Operators of Prison Consultation Company Charged with Conspiring to Defraud Federal Bureau of Prisons
John H. Durham, United States Attorney for the District of Connecticut, Brian C. Turner, Special Agent in Charge of the New Haven Division of the Federal Bureau of Investigation, and Kristina O’Connell, Special Agent in Charge of the Internal Revenue Service – Criminal Investigation in New England, today announced that a federal grand jury in New Haven has returned a nine-count indictment charging three Michigan residents with conspiracy and fraud charges stemming from an alleged scheme to qualify prospective and current federal inmates who do not require substance abuse treatment for admission into a Federal Bureau of Prisons program that, if completed successfully, will result in a shortened prison term.
Charged in the indictment, which was returned on January 15, 2019, are TONY TUAN PHAM, also known as “Anh Nguyen,” 49, of Grand Rapids, Michigan; SAMUEL COPENHAVER, 47, of Grand Rapids, Michigan, and CONSTANCE MOERLAND, 33, of Hudsonville, Michigan. The three defendants were arrested on January 23.
According to the indictment, the Residential Drug Abuse Program (“RDAP”) is a 500-hour substance abuse treatment program that is administered by the Federal Bureau of Prisons (“BOP”). In order to gain admission to the RDAP, a federal inmate must meet certain criteria, including having a diagnosable and verifiable drug or alcohol abuse disorder. By successfully completing the RDAP, an inmate can qualify for up to 12 months in early release from custody.
The indictment alleges that Pham, Copenhaver and Moerland were managing partners of Michigan-based RDAP Law Consultants, LLC. The defendants solicited prospective and current federal inmates, including individuals in Connecticut, through telephone calls and emails with offers of assistance in applying to, and qualifying for, the RDAP. For a fee, the defendants coached and advised prospective and current inmates on how to gain admission to the RDAP by lying to the BOP about the existence, duration and extent of a qualifying substance abuse disorder.
“The indictment alleges that these defendants profited by coaching federal inmates and prospective inmates to lie about substance abuse issues in order to be released from prison well before each sentencing judge intended,” said U.S. Attorney Durham. “This is a scheme that defrauds the public by taking advantage of an important Bureau of Prisons treatment program that exists to help rehabilitate inmates with real addiction problems in order to prepare them for life after prison.”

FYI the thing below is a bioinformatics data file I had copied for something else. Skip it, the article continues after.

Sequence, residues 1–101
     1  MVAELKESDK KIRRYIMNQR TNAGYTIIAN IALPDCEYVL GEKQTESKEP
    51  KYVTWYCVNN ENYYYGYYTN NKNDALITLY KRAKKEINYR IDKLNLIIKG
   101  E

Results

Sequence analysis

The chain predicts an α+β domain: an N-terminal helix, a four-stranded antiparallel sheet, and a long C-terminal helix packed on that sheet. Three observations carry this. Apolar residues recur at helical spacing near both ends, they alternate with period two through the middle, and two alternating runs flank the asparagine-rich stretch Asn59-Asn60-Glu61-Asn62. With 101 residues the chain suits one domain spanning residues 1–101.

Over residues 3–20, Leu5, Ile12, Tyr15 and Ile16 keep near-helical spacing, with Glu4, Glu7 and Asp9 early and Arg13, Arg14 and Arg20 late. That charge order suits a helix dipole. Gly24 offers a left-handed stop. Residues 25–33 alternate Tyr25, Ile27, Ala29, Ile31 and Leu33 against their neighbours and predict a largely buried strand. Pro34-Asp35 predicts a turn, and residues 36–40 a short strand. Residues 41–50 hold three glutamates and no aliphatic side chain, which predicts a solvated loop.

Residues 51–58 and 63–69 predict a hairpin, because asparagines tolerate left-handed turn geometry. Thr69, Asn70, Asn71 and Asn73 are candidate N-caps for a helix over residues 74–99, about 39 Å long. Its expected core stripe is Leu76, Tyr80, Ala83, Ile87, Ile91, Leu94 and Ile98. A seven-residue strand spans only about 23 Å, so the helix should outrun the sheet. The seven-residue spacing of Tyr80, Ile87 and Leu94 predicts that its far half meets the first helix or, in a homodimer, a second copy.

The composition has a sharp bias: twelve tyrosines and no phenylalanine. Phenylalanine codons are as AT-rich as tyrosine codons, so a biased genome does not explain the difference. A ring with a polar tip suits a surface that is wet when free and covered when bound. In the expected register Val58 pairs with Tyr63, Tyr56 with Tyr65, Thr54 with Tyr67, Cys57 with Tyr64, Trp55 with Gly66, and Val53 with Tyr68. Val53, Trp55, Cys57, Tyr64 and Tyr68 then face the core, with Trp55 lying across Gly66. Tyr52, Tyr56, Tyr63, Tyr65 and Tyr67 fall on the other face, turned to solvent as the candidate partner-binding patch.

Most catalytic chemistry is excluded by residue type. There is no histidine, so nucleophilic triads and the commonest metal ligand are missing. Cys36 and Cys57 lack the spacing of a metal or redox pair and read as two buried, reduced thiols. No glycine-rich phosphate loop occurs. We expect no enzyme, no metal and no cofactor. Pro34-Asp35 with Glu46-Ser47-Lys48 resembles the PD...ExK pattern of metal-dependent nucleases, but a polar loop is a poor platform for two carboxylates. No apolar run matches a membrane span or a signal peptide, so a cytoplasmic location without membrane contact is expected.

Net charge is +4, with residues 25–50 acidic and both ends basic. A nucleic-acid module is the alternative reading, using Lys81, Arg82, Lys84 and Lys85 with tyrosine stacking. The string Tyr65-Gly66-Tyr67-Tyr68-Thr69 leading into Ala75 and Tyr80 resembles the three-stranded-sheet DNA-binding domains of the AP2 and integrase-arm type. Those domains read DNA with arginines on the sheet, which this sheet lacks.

“This indictment illustrates the depths to which federal investigators will go to uncover fraud of all types,” said FBI Special Agent in Charge Turner. “The alleged fraudulent methods used to defraud government programs will not be tolerated and will continue to be vigorously investigated.”
“In this alleged RDAP scheme, the fraudsters not only undermined the authority of the judicial system to administer fair and impactful sentences, but they diverted vital substance abuse treatment from inmates who really needed it,” said IRS-CI Special Agent in Charge O’Connell. “IRS-CI’s tracing of fees allowed investigators to uncover the breadth of this alleged fraud and we are proud of our role in this collaborative law enforcement effort.”
The indictment charges Pham, Copenhaver and Moerland with one count of conspiracy, an offense that carries a maximum term of imprisonment of five years. The indictment also charges Pham and Copenhaver with multiple counts of wire fraud, and offense that carries a maximum term of imprisonment of 20 years on each count.
U.S. Attorney Durham stressed that an indictment is not evidence of guilt. Charges are only allegations, and each defendant is presumed innocent unless and until proven guilty beyond a reasonable doubt.
This investigation is being conducted by the Federal Bureau of Investigation and Internal Revenue Service – Criminal Investigation Division. The case is being prosecuted by Trial Attorney Avi Perry of the Department of Justice’s Fraud Section, who has been designated as a Special Assistant U.S. Attorney for this matter. The prosecution in the District of Connecticut was facilitated by significant assistance from Assistant U.S. Attorney Meredith George Thomas of the U.S. Attorney’s Office for the Southern District of West Virginia.
U.S. Attorney Durham thanked the U.S. Attorney’s Office for the Western District of Michigan for its assistance in this matter.